MONTREAL — Quebec Superior Court has granted a stay to English school boards challenging a provincial government law abolishing them, pending the outcome of a legal challenge on its merits.
The province passed the law — known as Bill 40 — in February, abolishing school boards and replacing them with service centres, eliminating school board elections for French boards in the process.
The province's nine English school boards were permitted to maintain elections and had been given until November to hold them for an eventual shift to service centres later this year.
The Quebec English School Boards Association was among several groups that filed an injunction in May, challenging the governance plan on the basis it doesn't respect Section 23 of the Canadian Charter of Rights and Freedoms.
That section guarantees minority language educational rights to English-speaking minorities in Quebec.
In a decision Monday, Justice Sylvain Lussier wrote there was a debate to be had on the English-speaking minority's right to make decisions in matters of education and whether the provincial law takes the concerns of the community into account.
"Abolished by law, English-language school boards, spokespersons for the minority, will suffer irreparable damage if the law comes into force," Lussier wrote.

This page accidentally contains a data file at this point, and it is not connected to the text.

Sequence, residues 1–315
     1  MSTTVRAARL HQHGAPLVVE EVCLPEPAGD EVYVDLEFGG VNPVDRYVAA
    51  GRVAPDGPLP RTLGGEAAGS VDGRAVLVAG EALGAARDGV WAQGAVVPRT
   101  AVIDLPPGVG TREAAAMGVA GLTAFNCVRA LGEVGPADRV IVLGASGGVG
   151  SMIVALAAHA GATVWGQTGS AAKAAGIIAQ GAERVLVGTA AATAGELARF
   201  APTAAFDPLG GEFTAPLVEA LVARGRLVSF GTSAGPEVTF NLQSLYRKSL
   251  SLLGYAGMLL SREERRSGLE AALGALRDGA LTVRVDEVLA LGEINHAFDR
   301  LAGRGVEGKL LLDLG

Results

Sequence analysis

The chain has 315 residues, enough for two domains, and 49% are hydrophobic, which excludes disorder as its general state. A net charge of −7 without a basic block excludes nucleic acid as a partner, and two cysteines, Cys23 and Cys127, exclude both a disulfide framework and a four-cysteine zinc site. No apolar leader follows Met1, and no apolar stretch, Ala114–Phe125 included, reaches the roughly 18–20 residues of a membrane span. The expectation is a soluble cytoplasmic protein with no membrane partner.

"Despite the presumption of the validity of the legislation, in the particular circumstances of this case, the preponderance of disadvantages favours the applicants."
The Coalition Avenir Quebec had long promised to abolish school boards and replace them with a more decentralized governance structure.
Education Minister Jean-Francois Roberge told a news conference Monday the government intends to discuss the matter with its lawyers.
"We are fully confident that we respect the right of the English community to manage and control their school boards," Roberge said.
The Quebec Community Groups Network, an advocacy group for English-speaking Quebecers, called the decision great news for the community.
"The ruling means that unwelcome changes to the management of our schools are now on hold while the courts review the constitutionality of Bill 40 — a case that will help clarify the rights of official language minority communities across Canada," QCGN president Geoffrey Chambers said in a statement.
This report by The Canadian Press was first published Aug. 10, 2020.